Oct 05, 2007
WASHINGTON - A sudden halt to executions in Texas, the United States's most active death penalty state, may signal that there is now an unofficial national moratorium in place across the nation, pending a ruling by the Supreme Court on whether a specific lethal injection cocktail is legal.On Tuesday, the Texas Court of Criminal Appeals granted a temporary reprieve for a convicted killer, Heliberto Chi, giving the state 30 days to explain why his execution should go ahead.
This came five days after the U.S. Supreme Court stepped in to prevent the execution in Texas of Carlton Turner, Jr., only hours before he was due to die by lethal injection for killing his adoptive parents. At the same time, it also halted the execution of Thomas Arthur in Alabama.
'It is an unbelievable awakening to see Texas courts following the national norms,' said Rick Halperin, president of the Texas Coalition to Abolish the Death Penalty, explaining that the Texas courts did not have a history of following precedent set by the U.S. Supreme Court.
The two Supreme Court execution stays were interpreted by legal experts as a signal to all U.S. states that they should now wait before carrying out any further executions until the Court ruled on the constitutionality of lethal injections as a method of execution in two separate cases from Kentucky.
The two, Ralph Baze and Thomas Clyde Bowling Jr., both convicted killers and now on Kentucky's death row, have appealed to the Supreme Court to halt their executions, arguing that the chemicals used in their state's lethal injections amounted to 'cruel and unusual punishment'. This would make the current cocktail a violation of the eighth amendment of the U.S. constitution.
On Sep. 25, it was announced that the Supreme Court's ruling in the two cases would be handed down sometime during the court's current session, which formally opened on Oct. 1. The ruling could be announced by June 2008.
Immediately following the Supreme Court's decision to review the two lethal injection cases, Texas executed Michael Richard, its 405th inmate since the Supreme Court re-instated the death penalty in 1976. Lawyers were not able to file his appeal in time to take advantage of the Court's decision and he was executed the same night. The Supreme Court's decision led 10 other states to halt executions.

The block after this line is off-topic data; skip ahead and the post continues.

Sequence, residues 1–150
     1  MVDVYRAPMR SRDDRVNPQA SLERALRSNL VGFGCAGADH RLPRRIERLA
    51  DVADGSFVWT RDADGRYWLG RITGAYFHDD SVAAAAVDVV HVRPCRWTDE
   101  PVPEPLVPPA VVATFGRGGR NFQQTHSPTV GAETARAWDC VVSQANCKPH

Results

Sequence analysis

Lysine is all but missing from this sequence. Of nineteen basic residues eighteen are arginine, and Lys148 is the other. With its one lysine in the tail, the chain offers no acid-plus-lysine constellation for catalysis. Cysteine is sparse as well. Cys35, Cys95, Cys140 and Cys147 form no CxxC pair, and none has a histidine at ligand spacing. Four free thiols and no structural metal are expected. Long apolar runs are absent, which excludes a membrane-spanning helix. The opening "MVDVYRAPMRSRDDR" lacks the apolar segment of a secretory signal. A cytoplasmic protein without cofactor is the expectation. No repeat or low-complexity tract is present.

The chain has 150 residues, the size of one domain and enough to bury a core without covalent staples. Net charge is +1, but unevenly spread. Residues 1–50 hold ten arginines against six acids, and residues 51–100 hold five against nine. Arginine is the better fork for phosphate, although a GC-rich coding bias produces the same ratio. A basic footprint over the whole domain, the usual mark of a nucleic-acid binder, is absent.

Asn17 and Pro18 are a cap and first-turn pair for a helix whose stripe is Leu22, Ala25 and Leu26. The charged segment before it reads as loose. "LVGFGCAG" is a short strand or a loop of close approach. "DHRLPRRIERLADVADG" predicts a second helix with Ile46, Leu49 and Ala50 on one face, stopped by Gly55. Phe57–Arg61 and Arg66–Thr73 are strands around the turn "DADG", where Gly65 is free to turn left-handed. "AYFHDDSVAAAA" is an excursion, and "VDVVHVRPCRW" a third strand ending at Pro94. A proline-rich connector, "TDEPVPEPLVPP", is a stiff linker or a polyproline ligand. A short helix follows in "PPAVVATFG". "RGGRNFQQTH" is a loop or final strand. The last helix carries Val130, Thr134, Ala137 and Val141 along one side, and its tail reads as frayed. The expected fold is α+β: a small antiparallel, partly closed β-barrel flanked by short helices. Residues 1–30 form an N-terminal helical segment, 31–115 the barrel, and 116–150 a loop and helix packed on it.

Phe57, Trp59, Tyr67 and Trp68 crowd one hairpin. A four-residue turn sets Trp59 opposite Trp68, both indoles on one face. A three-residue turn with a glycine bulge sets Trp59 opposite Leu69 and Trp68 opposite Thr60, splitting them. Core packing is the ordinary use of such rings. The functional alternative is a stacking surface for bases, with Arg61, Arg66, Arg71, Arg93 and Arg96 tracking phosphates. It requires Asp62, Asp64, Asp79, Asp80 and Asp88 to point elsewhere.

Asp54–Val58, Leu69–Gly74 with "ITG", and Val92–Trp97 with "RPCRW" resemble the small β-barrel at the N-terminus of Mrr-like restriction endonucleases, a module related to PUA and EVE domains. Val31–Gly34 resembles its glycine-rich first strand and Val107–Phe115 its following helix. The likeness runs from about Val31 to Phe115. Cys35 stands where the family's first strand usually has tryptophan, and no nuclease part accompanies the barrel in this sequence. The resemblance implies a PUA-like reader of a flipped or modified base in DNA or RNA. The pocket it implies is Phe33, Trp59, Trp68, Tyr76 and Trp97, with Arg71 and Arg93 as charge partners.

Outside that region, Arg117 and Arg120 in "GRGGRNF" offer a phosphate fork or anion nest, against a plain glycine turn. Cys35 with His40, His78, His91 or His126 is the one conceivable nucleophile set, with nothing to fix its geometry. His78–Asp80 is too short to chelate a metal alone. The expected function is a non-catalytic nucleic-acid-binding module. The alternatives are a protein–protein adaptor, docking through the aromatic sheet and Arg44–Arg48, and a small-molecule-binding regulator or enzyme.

The U.S. federal government and all but one of the 38 states still with the death penalty on their statute books, use lethal injections for their executions. Most states use the same cocktail of the three the drugs administered in Kentucky, an anaesthetic, pancuronium bromide which paralyses muscles and potassium chloride which stops the heart. Nebraska is the only state which still uses the electric chair.
The Supreme Court has not addressed the constitutionality of the method of execution for more than 100 years. There are currently more than 3,500 people on death row in the U.S.
The two inmates in the Kentucky cases and many death penalty opponents argue that if the drugs in the cocktail are not administered correctly, the prisoner can suffer excruciating pain without being able to cry out before death.
The current flurry of legal activity around the lethal injection issue in the U.S. coincided with the 192-member U.N. General Assembly in New York. It is here that the EU will soon table a resolution for a worldwide moratorium on state executions. The moratorium will need a two-thirds majority to pass.
The U.S. is expected to strongly oppose this, but now with an unofficial moratorium apparently in place as its highest court prepares to review the legality of lethal injections, it may be more muted in the General Assembly and outside before the final casting of votes.
This might leave China, Iran, Iraq and Pakistan, responsible for most of the world's state killings, more isolated in the anti-moratorium camp.
Anti-death penalty activists in the U.S. remain cautious over whether the Supreme Court will eventually rule that execution by lethal injection is unconstitutional, fearing that the current unofficial moratorium may be short-lived.
'The U.S. Supreme Court has never determined execution to be unconstitutional, and it is not likely they will be any different with lethal injection,' Halperin told IPS.
'They may tinker with lethal injection but the U.S. Supreme Court is so pro-death penalty that they are unlikely to eliminate the death penalty. There may be a slight moratorium or delay in executions.'
But he agreed that given the high rate of executions in Texas -- 26 so far this year -- the Supreme Court's temporary stay on executions, followed by the state's own stay of Chi's execution, 'was very welcome'.
'Texas is the lynchpin, the battleground,' Halperin said. 'It's the worst place for judicial killings in the entire free world.'
The current reassessment of lethal injections, as well as the upcoming attempt to get the U.N. General Assembly to adopt a worldwide moratorium, could pressure the U.S. to follow suit.
'It's a snowball effect,' Deborah Denno, professor at the Fordham University School of Law, told IPS, noting that recent developments were incremental steps that had happened quickly, and the momentum against the final abolition of the death penalty in the U.S. was building.
(c) 2007 Inter Press Service
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